3.  The Early Psychological Impacts of the Deepwater Horizon Oil Spill on Florida and Alabama Communities 
Environmental Health Perspectives  2011;119(6):838-843.
Although public concern has focused on the environmental impact of the Deepwater Horizon oil spill, the public health impact on a broad range of coastal communities is minimally known.
We sought to determine the acute level of distress (depression, anxiety), mechanisms of adjustment (coping, resilience), and perceived risk in a community indirectly impacted by the oil spill and to identify the extent to which economic loss may explain these factors.
Using a community-based participatory model, we performed standardized assessments of psychological distress (mood, anxiety), coping, resilience, neurocognition, and perceived risk on residents of fishing communities who were indirectly impacted (n = 71, Franklin County, Florida) or directly exposed (n = 23, Baldwin County, Alabama) to coastal oil. We also compared findings for participants who reported income stability (n = 47) versus spill-related income loss (n = 47).
We found no significant differences between community groups in terms of psychological distress, adjustment, neurocognition, or environmental worry. Residents of both communities displayed clinically significant depression and anxiety. Relative to those with stable incomes, participants with spill-related income loss had significantly worse scores on tension/anxiety, depression, fatigue, confusion, and total mood disturbance scales; had higher rates of depression; were less resilient; and were more likely to use behavioral disengagement as a coping strategy.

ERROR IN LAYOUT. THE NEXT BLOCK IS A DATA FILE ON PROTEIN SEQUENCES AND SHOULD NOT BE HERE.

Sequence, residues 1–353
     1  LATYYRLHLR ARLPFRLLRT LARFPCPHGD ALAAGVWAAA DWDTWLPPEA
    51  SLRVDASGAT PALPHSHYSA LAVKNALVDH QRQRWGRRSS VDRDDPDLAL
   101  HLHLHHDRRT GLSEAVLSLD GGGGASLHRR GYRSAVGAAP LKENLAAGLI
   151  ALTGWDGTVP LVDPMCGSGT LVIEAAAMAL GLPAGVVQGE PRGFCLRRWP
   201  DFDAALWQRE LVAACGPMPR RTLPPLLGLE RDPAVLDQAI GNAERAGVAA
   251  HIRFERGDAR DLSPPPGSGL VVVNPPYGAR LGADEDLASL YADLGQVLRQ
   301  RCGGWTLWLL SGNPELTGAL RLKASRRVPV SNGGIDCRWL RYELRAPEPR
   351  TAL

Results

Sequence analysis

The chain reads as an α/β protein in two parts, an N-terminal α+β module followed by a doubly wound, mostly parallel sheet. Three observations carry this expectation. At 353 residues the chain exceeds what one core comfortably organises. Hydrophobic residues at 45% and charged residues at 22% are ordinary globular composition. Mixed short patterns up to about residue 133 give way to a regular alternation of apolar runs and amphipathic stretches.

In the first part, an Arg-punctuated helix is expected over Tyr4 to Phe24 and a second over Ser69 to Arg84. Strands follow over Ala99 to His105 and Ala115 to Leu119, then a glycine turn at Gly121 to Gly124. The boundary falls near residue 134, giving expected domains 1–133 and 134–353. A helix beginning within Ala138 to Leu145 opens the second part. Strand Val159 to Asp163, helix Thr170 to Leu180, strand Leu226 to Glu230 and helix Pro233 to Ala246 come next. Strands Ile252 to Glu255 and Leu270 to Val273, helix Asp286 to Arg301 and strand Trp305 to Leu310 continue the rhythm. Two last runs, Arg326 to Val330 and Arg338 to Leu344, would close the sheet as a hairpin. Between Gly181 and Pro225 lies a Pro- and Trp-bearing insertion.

Current estimates of human health impacts associated with the oil spill may underestimate the psychological impact in Gulf Coast communities that did not experience direct exposure to oil. Income loss after the spill may have a greater psychological health impact than the presence of oil on the immediately adjacent shoreline.
PMCID: PMC3114820  PMID: 21330230
disasters; environmental epidemiology; occupational health; petroleum products; risk perception
4.  Evaluation of dietary assessment tools used to assess the diet of adults participating in the Communities Advancing the Studies of Tribal Nations Across the Lifespan (CoASTAL) cohort 
Accurate assessment of dietary intake is essential for researchers and public health practitioners to make advancements in health. This is especially important in Native Americans who display disease prevalence rates that are dramatically higher than the general U.S. population.
The objective of this study was to evaluate three dietary assessment tools: 1) dietary records, 2) a food frequency questionnaire (FFQ), and 3) a shellfish assessment survey (SAS) among Native American adults from the Communities Advancing Studies of Tribal Nations Across the Lifespan (CoASTAL) cohort.